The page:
3 Eco-Feminist Actions To Celebrate Earth Day

by Elizabeth King

Earth Day is here, and with arrival of Spring, many of us have the beauty of nature on our minds. I’ve been thinking a lot about eco-feminism lately, which got me wondering about what sorts of feminist actions we can take to celebrate Earth Day and girl power at the same time.

What the heck is eco-feminism? It’s pretty much exactly what it sounds like: It is a school of thought that sees a strong connection between feminist and environmental issues, and seeks for bettering the status of women and our earth. You’ve heard of intersectionality and intersectional feminism? Eco-feminism brings the earth into the mix of entities that deserve equality. This entry in the Stanford Encyclopedia of Philosophy breaks it down really well.

Here are three things we can think about that elevate our feminist practices, and are friendly to the mother of all mothers: the earth.

1. Get a menstrual cup!

Perhaps menstrual cups (e.g. the Diva Cup) seem a little scary to you… But honestly, my only regret about the Diva Cup is that I didn’t start using it sooner. In fact, most Cup initiates I’ve talked to say the same and sing its praises. As an environmentalist, I love that I am no longer spending A LOT of money on products that a) have destroyed rainforests (Kotex, man, Kotex…), and b) end up in landfills (there’s a fun visual!). Financially speaking, feminine hygiene products are another monthly bill I wish I didn’t have, and are a total bust environmentally. A cup will run you $20-30 bucks up front, and can last many years. So depending on your flow, it could pay for itself pretty quickly. Hug a tree, get a cup.

2. Re-think beauty products

Personally, I made the decision to stop wearing make-up several years ago. Make-up isn’t a part of what liberatory beauty/sexuality looks like for me, BUT I think that women who feel liberated in makeup should go right ahead and wear it. Thinking about makeup environmentally: many, many beauty products are made with chemicals that are not particularly friendly to the earth (or your body, for that matter). Check out this cosmetics database to see what’s really lurking in your compact. The catch with buying these products will always be packaging. Just oh so much plastic that more than likely can’t be reused or recycled. My favorite makeup option is (drum roll): HOMEMADE. Making your own makeup can be incredibly fun, less expensive, healthier for your skin, plus you can store your DIY products in lovely reusable containers. Everyone wins.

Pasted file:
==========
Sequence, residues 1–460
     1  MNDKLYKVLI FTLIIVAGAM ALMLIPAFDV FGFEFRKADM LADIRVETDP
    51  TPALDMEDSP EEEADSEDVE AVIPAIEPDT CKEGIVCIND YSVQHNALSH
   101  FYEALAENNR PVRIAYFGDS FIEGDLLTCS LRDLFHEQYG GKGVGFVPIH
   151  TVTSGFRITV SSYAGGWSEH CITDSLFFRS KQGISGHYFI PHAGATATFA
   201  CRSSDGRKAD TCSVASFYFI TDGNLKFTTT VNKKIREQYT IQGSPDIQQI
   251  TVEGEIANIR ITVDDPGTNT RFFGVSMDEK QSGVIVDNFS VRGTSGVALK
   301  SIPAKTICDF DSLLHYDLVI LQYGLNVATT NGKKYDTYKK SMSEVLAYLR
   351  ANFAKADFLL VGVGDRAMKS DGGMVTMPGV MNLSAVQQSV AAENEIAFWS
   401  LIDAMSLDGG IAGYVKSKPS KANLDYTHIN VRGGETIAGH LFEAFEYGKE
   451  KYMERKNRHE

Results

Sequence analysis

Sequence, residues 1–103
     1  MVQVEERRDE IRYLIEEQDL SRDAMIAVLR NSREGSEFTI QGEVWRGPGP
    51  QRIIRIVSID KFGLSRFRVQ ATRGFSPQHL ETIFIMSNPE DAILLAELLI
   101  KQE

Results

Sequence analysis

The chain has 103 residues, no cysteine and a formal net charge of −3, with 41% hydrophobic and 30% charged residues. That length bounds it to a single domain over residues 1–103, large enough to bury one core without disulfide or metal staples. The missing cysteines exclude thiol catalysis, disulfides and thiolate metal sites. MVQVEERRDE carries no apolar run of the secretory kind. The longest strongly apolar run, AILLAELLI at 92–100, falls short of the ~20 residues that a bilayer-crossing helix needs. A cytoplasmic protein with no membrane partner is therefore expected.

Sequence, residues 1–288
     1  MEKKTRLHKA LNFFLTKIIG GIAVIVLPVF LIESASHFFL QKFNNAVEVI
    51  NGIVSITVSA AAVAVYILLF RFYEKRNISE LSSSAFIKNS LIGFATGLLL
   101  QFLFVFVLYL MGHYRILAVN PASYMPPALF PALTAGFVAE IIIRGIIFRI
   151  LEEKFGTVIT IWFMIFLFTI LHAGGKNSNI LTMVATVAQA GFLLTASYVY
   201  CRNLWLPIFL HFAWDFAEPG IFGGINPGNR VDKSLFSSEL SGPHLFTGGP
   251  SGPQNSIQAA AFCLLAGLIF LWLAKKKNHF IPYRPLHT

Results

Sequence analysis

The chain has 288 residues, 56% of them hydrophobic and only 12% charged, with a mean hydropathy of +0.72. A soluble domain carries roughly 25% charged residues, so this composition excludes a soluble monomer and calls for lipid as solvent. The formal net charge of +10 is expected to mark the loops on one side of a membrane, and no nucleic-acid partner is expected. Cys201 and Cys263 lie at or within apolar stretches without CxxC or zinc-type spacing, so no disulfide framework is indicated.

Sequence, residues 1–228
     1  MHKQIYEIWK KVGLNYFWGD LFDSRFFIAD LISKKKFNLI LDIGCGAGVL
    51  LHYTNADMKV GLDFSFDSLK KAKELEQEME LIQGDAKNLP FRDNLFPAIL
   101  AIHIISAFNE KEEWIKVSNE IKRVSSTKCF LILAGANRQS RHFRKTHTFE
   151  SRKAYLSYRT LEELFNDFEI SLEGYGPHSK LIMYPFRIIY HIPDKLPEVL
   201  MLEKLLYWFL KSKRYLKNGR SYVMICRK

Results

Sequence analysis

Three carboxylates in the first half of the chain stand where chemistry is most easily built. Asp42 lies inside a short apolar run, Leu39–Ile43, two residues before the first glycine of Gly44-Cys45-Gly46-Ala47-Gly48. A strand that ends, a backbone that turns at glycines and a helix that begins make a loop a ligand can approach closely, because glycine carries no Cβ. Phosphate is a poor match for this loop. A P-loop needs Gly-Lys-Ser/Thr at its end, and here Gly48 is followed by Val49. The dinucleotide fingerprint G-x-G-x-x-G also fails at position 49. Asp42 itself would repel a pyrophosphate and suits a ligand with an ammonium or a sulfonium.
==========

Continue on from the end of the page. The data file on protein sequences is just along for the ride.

3. Consider vegetarianism

I know that food choices are deeply personal and are intertwined with lots of value systems such as religion and family traditions, etc. That said, I firmly believe that vegetarianism and veganism are two of the most ethical approaches to consuming food, and I also believe that opting out of eating animals is a great way to express feminist values. There is a good amount of literature out there that ties the domination, exploitation and otherness of women by the patriarchy to the domination, exploitation and otherness of non-human animals by humans. Let’s think about it: Women have been subordinated, treated as less than, been killed and physically abused for being women, had our bodies commodified, etc. All of this we can say about non-human animals. Being vegetarian or vegan also means you are opting out of contributing financially to businesses that pollute the air and waterways with methane, phosphorous, etc. Just consider it… try it for a week, see what happens!

This is just a taste of some actions we can incorporate into our daily lives that jive with both feminist and environmentalist values. These are all issues our society needs to deal with on a much larger scale, but it’s important to do what is within our power to advocate for what we believe in. Happy Earth Day, and vive la femme!

Elizabeth KingAbout Elizabeth

Elizabeth King is a mid-20s environmentalist, feminist, dog and Futurama-loving writer, and non-profit lady warrior living in Chicago, IL. She also is working to bring back the low-five.

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